• Verify all information provided by the candidate, including education, work experience, and reasons for leaving previous companies.
  • Check for any criminal records, unpaid bills, or legal issues.

The DIY path (00:44:06)

  • For lower-budget businesses, follow the same process but cast a wider net to find candidates.
  • Avoid calling references provided by the candidate as they may be biased.
  • Use the "scuttlebutt" method by asking mutual connections or former colleagues about the candidate.
  • Send emails to former colleagues or the previous CEO, indicating that a lack of response will be interpreted as a negative experience.

Step 5: Negotiating and structuring compensation (00:46:20)

  • Always make the first offer.
  • Scale compensation up or down based on the candidate's experience.
  • Use total compensation to align incentives.
  • Example:
    • Business profit: $300,000
    • Affordable CEO base salary: $150,000
    • CEO worth: $300,000 - $400,000
    • Offer: $300,000 total compensation
    • $150,000 base salary
    • $150,000 bonus if profits reach $600,000
    • Aligns incentives between the CEO and the company.

Uncapped bonuses vs equity (00:48:08)

  • Never offer a fixed salary plus a bonus without discussing the total compensation.
  • Use capped bonuses to incentivize performance.
  • For example, if the target bonus is $600,000 and the CEO achieves $1.2 million, consider doubling or tripling the bonus.
  • Equity is challenging to manage.
  • Stock options are not ideal as they are often seen as a lottery ticket with a binary outcome.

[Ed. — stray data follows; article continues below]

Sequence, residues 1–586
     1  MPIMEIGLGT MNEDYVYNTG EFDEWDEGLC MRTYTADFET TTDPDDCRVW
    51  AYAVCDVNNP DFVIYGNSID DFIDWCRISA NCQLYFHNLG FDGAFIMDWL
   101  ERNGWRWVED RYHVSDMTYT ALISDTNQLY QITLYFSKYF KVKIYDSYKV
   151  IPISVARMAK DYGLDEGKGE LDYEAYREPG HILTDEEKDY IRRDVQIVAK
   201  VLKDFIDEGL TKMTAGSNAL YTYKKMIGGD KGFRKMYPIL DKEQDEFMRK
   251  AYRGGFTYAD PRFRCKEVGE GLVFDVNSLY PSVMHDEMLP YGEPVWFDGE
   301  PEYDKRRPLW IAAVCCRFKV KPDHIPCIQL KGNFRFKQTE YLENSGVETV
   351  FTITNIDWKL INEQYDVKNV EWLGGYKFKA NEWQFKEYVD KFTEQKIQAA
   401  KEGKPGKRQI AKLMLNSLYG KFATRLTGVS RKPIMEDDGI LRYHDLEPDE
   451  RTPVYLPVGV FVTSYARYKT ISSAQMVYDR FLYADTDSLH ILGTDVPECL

• Prefer giving equity to those willing to invest in the company.
  • Discuss equity in terms of its cash value and create scenarios for shared downside.

Myth: Is a founder-led business always better? (00:51:34)

  • Hiring a CEO can be beneficial for companies that have reached a certain size and complexity.
  • Founders should consider their own personality and motivations when deciding whether to hire a CEO.
  • Successful CEOs often have a strong track record as a number two at a similar-sized company.
  • It's important to pay for quality reference checks and recruiters to ensure a thorough hiring process.
  • Once hired, CEOs should be given the autonomy to make decisions and run the business, while still providing regular updates to the founder or board.
  • The speaker has created a PDF checklist as a resource for those considering hiring a CEO.
  • The PDF checklist covers topics such as assessing readiness to hire a CEO and the hiring process.
  • The PDF checklist will be available on the speaker's website, never.com, through their newsletter.
  • The link to the PDF checklist will be provided in the description of the podcast episode.